Perhaps most pertinent to everyday drinkers is the ongoing argument over “locked tap contracts,” which are exclusivity deals whereby big brands exercise their muscle (and financial might) to pay pubs to reserve a majority of space for their beers, leaving small brewers to fight for the leftover scraps. As a nominally craft label ensconced in the Lion Nathan machine, James Squire indeed gets both beardy cachet and large-scale distribution.
Beer politics aside, Malt Shovel is absolutely still worth a visit, though you’ll have to time it right to get in. The brewery is usually only open for public tours on special occasions, most regularly around Sydney Beer Week in October. If Malt Shovel isn’t an option, skip it and instead take a 15-minute walk south from Wayward Brewing to Young Henrys in Newtown.
The Cool Kids Around the Block
Quite possibly Sydney’s coolest brewery (and if they think they’re not, they try harder), Young Henrys is known both for sessionable mainstays like Natural Lager and Real Ale, as well as for its more ambitious partnerships and seasonals. For example, a Foo Fighters-themed lager (Foo Town) accompanied the band’s 2018 Australian tour; the sour cherry saison Stupid Sexy Flanders was part of the brewery’s Car Park series, which features beers conditioned in the car park; a number of seafood stouts culminated in the horrifying triumph that was Brew Tang Clam.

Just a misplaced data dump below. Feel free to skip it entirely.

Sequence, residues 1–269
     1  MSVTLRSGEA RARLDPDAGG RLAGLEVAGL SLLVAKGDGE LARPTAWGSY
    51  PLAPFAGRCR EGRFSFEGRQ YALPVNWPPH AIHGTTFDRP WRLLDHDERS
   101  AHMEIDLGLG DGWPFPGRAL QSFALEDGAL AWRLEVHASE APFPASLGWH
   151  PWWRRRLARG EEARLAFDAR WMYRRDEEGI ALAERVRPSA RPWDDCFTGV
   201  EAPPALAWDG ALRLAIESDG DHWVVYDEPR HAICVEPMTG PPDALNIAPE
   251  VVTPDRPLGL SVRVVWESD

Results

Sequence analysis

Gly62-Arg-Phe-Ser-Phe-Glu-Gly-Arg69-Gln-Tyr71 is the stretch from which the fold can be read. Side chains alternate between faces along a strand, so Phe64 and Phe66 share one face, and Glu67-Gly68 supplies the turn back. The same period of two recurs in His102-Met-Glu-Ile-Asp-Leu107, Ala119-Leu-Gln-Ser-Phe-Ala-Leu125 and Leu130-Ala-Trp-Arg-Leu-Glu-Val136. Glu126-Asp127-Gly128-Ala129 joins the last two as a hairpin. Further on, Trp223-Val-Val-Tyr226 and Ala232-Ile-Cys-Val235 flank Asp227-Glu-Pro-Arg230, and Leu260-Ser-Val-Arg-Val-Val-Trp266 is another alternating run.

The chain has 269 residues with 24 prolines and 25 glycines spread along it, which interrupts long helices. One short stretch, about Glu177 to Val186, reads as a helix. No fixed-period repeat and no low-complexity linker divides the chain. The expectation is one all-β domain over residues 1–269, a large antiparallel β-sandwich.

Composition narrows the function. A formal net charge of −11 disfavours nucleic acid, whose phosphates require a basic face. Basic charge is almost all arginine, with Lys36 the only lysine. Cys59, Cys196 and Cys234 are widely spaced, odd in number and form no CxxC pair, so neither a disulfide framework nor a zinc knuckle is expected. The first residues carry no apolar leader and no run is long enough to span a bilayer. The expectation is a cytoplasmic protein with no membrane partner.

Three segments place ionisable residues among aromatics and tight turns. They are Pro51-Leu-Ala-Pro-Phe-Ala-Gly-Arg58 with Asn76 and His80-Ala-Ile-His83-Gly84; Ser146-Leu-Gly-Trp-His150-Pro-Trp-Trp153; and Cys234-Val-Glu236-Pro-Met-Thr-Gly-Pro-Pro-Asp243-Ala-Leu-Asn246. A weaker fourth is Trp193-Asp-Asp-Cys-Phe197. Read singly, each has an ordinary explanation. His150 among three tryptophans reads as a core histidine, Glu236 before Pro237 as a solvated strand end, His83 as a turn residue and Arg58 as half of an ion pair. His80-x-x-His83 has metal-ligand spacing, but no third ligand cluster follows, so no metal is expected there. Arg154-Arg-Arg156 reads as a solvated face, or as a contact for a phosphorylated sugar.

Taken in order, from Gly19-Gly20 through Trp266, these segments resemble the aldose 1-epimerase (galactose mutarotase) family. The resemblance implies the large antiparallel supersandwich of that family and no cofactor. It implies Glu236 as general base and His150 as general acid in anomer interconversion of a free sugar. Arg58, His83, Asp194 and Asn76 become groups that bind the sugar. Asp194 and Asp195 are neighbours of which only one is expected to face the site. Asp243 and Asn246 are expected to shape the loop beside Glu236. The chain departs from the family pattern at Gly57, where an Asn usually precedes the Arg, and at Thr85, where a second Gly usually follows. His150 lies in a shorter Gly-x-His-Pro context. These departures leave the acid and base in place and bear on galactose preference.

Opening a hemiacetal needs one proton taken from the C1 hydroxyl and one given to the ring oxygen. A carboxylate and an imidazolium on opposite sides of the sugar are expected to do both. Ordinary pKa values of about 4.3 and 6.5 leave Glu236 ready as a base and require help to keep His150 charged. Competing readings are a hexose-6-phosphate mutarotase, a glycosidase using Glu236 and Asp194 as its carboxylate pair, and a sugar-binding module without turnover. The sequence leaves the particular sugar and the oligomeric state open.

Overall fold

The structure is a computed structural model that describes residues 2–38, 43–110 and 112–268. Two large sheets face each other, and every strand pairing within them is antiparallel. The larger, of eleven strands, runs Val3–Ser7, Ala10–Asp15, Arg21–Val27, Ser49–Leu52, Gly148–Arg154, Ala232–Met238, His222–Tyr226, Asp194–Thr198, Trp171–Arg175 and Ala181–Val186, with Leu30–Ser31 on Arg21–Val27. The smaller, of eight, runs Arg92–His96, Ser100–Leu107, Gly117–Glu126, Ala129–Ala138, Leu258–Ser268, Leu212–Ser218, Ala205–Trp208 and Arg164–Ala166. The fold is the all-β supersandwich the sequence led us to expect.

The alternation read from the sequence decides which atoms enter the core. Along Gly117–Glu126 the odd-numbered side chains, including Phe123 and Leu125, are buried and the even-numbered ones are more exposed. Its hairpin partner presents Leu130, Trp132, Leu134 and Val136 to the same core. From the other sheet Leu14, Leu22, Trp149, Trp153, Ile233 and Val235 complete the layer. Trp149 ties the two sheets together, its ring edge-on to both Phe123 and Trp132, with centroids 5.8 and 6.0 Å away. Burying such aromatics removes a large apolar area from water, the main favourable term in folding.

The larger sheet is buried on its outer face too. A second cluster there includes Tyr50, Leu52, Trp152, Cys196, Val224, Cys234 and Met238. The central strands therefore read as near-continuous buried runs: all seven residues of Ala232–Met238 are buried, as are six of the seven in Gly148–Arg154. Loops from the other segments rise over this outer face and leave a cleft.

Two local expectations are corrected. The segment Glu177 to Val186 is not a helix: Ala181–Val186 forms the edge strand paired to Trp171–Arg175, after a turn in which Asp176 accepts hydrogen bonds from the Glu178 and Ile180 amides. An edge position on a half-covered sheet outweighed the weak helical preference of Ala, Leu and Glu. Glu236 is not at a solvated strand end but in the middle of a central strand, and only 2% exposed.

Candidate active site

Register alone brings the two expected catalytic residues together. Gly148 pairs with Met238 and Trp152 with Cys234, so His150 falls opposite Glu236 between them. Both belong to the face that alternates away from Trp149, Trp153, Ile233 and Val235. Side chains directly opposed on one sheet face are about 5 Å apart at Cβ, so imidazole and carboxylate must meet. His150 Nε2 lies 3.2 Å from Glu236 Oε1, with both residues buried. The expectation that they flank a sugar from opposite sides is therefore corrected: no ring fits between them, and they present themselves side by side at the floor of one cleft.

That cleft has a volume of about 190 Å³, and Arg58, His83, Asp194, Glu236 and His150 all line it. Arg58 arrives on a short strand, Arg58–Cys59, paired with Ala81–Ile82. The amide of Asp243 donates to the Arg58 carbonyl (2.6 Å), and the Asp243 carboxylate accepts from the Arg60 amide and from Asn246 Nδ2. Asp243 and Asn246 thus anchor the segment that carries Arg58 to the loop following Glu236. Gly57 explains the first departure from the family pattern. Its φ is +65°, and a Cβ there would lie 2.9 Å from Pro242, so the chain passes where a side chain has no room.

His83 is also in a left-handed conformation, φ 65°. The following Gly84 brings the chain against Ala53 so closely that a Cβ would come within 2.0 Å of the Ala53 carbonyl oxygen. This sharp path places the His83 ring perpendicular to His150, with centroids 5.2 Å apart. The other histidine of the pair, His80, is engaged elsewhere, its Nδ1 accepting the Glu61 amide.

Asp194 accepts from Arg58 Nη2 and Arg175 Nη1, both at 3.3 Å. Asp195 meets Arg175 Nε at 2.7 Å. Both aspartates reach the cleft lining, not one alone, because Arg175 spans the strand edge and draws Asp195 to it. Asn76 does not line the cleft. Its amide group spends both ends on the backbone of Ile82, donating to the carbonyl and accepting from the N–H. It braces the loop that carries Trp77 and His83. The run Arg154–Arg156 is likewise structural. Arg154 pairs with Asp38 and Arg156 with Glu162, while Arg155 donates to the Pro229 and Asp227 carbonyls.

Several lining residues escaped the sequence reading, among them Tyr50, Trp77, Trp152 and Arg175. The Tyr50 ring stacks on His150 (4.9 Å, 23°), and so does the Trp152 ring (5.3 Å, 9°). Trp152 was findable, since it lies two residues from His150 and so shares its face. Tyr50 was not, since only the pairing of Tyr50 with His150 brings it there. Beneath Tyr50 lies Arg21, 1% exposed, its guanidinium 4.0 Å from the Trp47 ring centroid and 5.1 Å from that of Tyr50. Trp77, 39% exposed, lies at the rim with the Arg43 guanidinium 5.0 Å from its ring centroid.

Between those extremes, Young Henrys fosters in its taproom an atmosphere in which beer can be properly enjoyed and celebrated, free of pretension. It’s also conveniently located near a bustling nightlife strip and a few hostels, which should push it to the top of the list for any backpackers.
From Young Henrys, it’s only another kilometer or two further west to the real center of modern-day Sydney craft brewing. Inner-suburban Marrickville, to borrow a phrase, is where millenials go to retire. Formerly a working-class migrant suburb, it’s increasingly the stomping ground of young families, bourgeois bohemians, and grown-ups who take their hobbies seriously. If mum bombs graffiti and dad rides a skateboard and they both have cash to spare, they’ll settle in Marrickville.
An afternoon crawl here can encompass half-a-dozen brewhouses without breaking a sweat. Willie the Boatman, Batch Brewing Co, The Grifter Brewing Co, Wildflower Brewing & Blending, BlackFont Brewhouse, and Sauce Brewing Co are all within a gentle stagger of one another—with more seemingly joining the brewing party all the time.
Breweries are clearly so thick on the ground in Marrickville that it’s easy to manage the terrain on your own. However, there are a few dedicated tour operators that’ll steer you between them and make sure you stay upright; local specialists Dave’s is the gold standard.
Either way, if you’re making a proper day of it, you may need to restrain yourself to sampler flights to make a real dent on the Inner West beer trail. Then again, if Foster’s is all you know about “Australian beer,” you have some catching up to do.